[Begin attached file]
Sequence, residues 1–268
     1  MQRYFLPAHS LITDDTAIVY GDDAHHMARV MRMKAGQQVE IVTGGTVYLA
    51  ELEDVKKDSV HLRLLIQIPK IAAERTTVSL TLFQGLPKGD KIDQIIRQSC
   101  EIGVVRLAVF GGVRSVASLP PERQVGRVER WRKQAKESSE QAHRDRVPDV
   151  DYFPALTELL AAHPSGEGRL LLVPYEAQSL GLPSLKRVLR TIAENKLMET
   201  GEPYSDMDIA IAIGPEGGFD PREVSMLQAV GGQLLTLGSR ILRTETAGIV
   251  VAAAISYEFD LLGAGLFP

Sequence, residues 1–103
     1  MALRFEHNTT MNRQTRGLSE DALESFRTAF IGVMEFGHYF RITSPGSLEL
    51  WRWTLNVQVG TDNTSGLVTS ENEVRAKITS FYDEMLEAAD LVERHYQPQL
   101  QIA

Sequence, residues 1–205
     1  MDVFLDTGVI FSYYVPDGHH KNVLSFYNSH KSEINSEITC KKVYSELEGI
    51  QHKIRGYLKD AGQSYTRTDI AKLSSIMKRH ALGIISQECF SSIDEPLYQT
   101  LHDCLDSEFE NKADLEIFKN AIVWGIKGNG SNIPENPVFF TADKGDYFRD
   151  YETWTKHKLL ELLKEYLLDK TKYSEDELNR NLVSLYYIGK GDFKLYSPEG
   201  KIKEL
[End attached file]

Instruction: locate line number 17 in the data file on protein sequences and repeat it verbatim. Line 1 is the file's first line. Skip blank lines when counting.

   201  KIKEL